State Capitol displays student art
Posted April 17, 2009
Steven Bier
Four University of La Verne students’ artwork are currently on display in the California State Capitol Building in Sacramento. A reception with the artists was held March 25. Amri Covarrubias and Chris Arce’s paintings were displayed in the historic West Dining Rooms along with Leah Heagy’s and Steven Bier’s photographs. The Dining Rooms are attached to the Eureka Room in the west end of the bottom floor of the State Capitol. The Senate President Pro Tem Daryl Steinberg, and his staff sponsored the show, along with the Association of Independent California Colleges and Universities.

David deBos
Staff Writer

Several Art students from the University of La Verne found their work on display at the California State Capitol last month as part of the Association of Independent California Colleges and Universities fourth annual Student Art Show.

The AICCU, a collection of more than 77 private colleges and universities within California, invites students from schools with fine arts departments to submit their work for display at their annual shows.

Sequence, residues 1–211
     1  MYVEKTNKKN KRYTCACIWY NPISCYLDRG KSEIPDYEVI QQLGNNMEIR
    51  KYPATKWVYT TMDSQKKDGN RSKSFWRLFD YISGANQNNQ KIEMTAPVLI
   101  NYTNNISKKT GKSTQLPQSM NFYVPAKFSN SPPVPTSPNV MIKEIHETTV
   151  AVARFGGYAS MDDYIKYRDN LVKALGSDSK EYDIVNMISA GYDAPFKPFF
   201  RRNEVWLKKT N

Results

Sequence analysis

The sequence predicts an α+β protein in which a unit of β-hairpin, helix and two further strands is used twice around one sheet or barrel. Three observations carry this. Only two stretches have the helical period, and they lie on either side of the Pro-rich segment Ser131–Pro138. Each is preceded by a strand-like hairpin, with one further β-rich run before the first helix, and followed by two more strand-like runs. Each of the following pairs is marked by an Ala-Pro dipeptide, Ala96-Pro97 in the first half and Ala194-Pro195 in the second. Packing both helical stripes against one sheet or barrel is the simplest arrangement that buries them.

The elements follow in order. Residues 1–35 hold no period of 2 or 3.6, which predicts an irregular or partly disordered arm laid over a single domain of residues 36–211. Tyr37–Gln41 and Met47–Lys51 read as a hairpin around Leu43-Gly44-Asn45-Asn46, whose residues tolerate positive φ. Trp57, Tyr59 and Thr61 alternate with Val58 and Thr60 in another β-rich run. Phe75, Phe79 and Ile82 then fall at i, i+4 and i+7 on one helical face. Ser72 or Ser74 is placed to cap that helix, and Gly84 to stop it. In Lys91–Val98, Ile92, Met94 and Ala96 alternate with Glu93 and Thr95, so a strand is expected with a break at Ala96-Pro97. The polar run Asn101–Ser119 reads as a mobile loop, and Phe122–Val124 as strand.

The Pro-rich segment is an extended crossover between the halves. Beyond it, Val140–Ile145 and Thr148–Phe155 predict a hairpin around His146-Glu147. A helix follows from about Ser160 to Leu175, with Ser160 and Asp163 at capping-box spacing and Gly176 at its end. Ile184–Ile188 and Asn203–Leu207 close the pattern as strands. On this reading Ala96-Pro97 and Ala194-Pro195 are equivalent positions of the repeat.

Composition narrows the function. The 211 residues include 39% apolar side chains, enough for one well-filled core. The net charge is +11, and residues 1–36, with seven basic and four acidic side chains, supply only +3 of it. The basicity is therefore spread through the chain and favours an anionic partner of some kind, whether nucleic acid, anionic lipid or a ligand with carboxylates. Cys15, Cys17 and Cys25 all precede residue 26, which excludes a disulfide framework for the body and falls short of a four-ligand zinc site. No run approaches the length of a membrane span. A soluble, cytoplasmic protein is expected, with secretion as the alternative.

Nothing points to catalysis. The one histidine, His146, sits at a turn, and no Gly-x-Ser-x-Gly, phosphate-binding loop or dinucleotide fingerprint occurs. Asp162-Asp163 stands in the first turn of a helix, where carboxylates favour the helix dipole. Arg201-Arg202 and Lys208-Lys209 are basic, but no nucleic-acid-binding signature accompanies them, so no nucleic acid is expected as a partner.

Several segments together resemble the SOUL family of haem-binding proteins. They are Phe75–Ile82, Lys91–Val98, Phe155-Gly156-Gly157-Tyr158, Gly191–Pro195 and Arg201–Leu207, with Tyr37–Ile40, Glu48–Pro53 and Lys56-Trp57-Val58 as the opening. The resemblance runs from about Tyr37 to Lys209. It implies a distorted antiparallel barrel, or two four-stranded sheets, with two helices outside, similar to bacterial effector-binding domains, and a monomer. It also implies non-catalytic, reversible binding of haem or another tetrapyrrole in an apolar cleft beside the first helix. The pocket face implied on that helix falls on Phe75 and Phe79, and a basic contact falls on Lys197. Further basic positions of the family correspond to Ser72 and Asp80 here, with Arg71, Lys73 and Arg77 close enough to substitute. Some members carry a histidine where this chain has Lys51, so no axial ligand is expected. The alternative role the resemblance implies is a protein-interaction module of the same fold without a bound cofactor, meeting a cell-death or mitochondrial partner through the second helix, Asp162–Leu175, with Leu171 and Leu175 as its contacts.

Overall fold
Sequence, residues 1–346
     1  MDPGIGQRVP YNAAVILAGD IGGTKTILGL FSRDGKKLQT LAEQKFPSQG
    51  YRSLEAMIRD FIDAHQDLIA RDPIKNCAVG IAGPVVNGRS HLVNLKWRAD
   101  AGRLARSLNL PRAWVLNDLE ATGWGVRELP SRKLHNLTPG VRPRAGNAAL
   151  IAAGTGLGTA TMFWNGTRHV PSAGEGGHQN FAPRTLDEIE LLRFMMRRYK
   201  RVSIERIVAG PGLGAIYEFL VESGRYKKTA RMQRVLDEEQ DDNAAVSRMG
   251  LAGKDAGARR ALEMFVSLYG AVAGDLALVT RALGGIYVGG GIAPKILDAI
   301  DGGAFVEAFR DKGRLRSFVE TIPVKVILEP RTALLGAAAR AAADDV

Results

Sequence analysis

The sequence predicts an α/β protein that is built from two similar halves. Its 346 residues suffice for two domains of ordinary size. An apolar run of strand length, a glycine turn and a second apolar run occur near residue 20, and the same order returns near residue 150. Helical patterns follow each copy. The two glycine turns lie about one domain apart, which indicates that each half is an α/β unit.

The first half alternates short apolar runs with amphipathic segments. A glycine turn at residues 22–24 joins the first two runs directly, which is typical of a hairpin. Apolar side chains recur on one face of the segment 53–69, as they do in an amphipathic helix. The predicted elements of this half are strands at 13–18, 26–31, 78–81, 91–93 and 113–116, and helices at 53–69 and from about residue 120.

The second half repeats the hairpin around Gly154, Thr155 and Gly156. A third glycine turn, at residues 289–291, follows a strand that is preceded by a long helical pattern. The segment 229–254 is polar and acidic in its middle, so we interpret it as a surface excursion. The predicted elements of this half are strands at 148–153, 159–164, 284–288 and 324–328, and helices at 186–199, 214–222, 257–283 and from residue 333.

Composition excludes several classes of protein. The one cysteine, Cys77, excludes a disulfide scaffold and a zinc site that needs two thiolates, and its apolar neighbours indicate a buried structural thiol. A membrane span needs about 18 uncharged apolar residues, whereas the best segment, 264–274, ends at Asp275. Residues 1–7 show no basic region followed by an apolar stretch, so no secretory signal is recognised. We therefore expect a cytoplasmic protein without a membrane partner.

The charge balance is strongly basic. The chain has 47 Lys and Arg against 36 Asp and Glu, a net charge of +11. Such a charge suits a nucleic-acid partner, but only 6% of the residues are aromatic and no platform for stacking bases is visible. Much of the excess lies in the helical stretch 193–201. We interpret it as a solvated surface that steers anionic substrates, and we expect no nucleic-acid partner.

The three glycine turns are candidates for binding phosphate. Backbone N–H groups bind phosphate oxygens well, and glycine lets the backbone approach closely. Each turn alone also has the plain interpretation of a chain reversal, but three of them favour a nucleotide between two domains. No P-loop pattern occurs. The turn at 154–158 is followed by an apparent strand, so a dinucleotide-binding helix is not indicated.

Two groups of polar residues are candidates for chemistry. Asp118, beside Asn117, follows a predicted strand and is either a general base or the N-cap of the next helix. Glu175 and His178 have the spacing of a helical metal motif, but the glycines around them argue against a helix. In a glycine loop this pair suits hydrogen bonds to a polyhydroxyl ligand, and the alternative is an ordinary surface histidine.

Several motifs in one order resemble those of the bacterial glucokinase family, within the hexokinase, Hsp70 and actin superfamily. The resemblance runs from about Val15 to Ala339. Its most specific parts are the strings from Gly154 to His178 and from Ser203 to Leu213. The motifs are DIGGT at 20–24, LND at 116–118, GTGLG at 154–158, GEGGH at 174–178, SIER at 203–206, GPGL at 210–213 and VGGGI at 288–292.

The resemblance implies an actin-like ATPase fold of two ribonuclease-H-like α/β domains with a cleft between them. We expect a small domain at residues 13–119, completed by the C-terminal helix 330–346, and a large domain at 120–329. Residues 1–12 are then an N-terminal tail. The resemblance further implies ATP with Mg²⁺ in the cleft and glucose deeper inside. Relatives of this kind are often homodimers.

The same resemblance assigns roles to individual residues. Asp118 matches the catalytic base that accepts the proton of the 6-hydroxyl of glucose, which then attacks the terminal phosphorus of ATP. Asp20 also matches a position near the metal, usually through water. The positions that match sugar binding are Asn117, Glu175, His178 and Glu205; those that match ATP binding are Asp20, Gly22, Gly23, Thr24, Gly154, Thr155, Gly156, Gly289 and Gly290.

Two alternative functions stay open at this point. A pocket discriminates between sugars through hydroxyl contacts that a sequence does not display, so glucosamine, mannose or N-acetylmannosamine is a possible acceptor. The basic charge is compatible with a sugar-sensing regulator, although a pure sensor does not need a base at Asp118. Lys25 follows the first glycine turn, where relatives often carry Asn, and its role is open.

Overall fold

A special reception was held March 25 and exhibited the work of senior art students Chris Arce, Steven Bier, Amri Covarrubias and Leah Heagy.

“We consider it an honor to be represented in such a way,” said Ruth Trotter, professor of art. “We hope to do it every year.”

Trotter facilitated the selection of the student’s work, which was taken from the Senior Project Exhibition in December of last year.

This is not the first year the University has been represented in the show. This year marks the third time.

“It’s a great opportunity for our students to build their resume and get exposure,” Trotter said.

Bier’s photo of Mount Rubidoux made its way to display in the Capitol’s West Wing Dining Room, which is the only place that public art can be shown because of the State Capitol’s designation as a historical building.

Trotter asked Bier, who traveled to Sacramento for the opening reception, if he would like to submit his art to the show.

“It was weird being there by myself, the opening wasn’t that big, but it was exciting seeing our work up there,” Bier said.

Robert Oakes, vice president of external relations and research for the AICCU, said he saw it as a wonderful way to show private schools make contributions too.

The West Wing Dining Room is a prime location to display the art because all senators and guests in the Capitol pass through the dining room regularly, Oakes said.

The West Wing Dining Room is not the only area of display in the Capitol.

Certain representatives have asked students from their represented districts for art to hang in their offices.

“This is a great way to show commitment to our schools,” Oakes said.

Oakes’ hopes to add a juried section to next years show.

The show runs from April 16th through May 15th

David deBos can be reached at

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